In communication and relationships, particularly in the workplace or within a family, it is common for a particular pattern to be followed, with the people involved cast in given roles. This is called ‘triangling’ and is very destructive.
The roles are:
"Idiot!" \ / "Poor baby"
"Help me mommy!"
- Their opinion:“I know best”
- Their position: "It's got to be your fault"
- These people often get what they want in the short term but their long term relationships are usually out of balance.
- Their role is to bully and push the victim into action.
- The overly stern parent, the authoritarian boss or the out-out-of-control teenager are all examples of persecutors.
- Typical comment: "Can't you get anything right!"
- Their opinion: "I know best"
- Their position: "Other people are inadequate, they need my help”
- These people often offer unwelcome help and they often end up rejected or used.
- Their role is to take the victim's part, sympathise with them, help them, and face the persecutor for them.
- The indulgent parent, the protective supervisor and the interfering relative/friend are examples of rescuers.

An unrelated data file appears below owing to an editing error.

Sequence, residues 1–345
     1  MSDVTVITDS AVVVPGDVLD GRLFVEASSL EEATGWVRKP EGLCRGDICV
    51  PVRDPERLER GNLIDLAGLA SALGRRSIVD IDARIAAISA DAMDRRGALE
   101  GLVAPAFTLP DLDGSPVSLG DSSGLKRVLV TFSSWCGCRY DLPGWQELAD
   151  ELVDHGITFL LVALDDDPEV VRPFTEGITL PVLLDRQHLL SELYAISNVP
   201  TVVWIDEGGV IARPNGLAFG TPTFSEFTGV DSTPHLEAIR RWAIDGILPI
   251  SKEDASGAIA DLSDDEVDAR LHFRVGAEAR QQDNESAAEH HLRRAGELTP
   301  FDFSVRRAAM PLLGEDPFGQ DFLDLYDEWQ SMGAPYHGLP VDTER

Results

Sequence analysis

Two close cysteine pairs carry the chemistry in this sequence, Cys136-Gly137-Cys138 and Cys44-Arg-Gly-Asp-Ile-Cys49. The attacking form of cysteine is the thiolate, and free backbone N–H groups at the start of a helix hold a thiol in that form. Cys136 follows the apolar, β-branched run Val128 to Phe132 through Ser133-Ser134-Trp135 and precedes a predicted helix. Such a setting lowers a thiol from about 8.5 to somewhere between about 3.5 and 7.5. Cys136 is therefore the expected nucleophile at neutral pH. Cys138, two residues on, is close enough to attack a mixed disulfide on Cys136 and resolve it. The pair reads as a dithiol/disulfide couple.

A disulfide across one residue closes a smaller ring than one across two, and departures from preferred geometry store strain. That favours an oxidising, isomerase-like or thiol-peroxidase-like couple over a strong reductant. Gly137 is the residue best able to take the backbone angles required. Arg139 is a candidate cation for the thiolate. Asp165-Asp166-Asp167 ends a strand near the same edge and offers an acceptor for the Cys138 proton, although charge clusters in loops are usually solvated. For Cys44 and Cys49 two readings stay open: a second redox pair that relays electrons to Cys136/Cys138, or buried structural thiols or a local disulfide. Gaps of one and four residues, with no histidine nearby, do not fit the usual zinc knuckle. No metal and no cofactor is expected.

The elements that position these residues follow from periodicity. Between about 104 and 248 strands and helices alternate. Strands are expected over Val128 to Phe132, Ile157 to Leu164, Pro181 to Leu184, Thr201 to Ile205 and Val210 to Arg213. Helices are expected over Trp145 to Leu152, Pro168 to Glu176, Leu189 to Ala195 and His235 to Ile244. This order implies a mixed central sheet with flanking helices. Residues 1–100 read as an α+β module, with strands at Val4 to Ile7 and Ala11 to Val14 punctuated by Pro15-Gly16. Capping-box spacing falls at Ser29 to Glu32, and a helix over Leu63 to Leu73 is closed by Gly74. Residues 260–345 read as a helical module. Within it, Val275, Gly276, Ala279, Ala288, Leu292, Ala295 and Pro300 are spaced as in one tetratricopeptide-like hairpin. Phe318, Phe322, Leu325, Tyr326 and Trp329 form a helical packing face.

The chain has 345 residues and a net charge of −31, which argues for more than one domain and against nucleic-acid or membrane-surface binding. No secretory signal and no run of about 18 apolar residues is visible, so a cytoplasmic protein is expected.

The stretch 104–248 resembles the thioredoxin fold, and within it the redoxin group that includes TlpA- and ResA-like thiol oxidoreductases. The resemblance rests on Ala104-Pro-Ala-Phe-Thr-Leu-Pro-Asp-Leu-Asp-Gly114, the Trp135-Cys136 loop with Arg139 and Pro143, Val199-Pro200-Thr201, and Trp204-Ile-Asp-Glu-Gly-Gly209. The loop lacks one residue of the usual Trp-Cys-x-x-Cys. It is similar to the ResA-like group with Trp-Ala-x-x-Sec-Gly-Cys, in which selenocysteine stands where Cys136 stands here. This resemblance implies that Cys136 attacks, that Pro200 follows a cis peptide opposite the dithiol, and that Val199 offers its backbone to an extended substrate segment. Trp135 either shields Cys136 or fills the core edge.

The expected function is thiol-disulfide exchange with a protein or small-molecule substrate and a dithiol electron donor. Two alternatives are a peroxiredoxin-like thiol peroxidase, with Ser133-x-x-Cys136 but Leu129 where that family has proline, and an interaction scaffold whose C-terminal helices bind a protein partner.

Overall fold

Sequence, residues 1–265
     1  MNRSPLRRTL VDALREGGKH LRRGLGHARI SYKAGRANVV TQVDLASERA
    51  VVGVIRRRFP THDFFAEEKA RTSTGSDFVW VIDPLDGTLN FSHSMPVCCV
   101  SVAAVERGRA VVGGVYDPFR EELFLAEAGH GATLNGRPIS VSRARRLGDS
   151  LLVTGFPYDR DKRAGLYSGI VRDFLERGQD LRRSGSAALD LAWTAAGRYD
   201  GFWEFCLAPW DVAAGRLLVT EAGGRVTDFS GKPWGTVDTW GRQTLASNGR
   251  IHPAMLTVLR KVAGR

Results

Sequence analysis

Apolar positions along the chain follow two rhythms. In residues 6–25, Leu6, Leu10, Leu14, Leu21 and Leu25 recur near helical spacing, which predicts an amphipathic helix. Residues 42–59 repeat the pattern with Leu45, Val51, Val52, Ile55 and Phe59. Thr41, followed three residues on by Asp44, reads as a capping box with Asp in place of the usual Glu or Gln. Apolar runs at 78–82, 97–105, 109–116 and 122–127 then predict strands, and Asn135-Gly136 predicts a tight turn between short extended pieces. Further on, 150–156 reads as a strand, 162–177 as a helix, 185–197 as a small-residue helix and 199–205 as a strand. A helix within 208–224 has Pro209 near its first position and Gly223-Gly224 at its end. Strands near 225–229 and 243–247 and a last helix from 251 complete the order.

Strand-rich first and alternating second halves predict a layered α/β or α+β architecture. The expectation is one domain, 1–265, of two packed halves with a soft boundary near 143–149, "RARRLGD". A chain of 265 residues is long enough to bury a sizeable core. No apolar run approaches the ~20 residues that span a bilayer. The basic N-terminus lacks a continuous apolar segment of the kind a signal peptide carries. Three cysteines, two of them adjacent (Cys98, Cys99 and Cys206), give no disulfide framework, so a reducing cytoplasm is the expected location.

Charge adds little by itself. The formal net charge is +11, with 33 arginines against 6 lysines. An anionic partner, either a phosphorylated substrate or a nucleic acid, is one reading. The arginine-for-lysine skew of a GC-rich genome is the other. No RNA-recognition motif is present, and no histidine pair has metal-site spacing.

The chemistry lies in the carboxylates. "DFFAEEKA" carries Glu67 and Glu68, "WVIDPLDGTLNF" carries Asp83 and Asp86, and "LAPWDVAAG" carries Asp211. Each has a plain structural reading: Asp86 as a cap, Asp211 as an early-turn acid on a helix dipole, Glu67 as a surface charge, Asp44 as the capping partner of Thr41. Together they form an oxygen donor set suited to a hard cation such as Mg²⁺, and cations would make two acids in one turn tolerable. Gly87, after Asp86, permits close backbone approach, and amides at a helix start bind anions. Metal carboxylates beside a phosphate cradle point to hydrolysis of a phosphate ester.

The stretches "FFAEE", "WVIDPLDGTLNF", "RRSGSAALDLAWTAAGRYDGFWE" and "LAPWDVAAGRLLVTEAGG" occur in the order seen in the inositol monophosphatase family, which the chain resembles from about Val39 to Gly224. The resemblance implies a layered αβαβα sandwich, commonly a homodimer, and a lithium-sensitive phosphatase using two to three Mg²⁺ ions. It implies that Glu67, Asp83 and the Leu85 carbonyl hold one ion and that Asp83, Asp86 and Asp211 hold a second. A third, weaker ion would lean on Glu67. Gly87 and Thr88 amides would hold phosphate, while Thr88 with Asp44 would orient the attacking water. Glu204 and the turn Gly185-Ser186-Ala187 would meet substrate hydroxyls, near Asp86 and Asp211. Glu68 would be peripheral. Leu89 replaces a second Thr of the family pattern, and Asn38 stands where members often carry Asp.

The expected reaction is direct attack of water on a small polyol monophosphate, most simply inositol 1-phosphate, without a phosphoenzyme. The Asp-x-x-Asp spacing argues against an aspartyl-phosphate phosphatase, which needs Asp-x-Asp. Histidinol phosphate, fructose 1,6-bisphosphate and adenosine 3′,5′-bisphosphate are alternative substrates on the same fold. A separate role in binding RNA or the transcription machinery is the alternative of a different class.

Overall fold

- Typical comments: "Don't be so mean to X, they are trying their best!" "Don't worry, I'll do it for you"
- Their opinion: "Other people know best"
- Their position: “I can’t fix things and I need someone to help me”.
- These people are very dependent and unhappy and with low self-esteem.
- Their role is to be martyred by the persecutor and run to the rescuer for help.
- The helpless child, the timid employee and the put-upon parent are examples of victims
- Typical comment: "Y is so mean to me, I try my best, but I'm just no good"
The three roles feed off each other and perpetuate the power games, because they are familiar and comfortable to the players, but it promotes a stressful and conflict-ridden relationship. The only way to avoid it is for one of the 'players' to step out of role.
The person cast as the persecutor could try not to blame people for a mistake, but discuss how it could be fixed, and demonstrate how to do the job properly, the rescuer could get the other two together and discuss the situation, or the victim could say to the persecutor "If you will show me how to do it, I'll get it right next time". If one person steps out of the game, the other two can't continue - so once any of the players recognises that a game is taking place they can shift to an adult position and break the triangle.
Of course, this only works where games are being played. If the victimisation is real and there is ongoing physical, mental or emotional abuse, the victim needs to get out -- and any rescuer worth their salt will help them do so.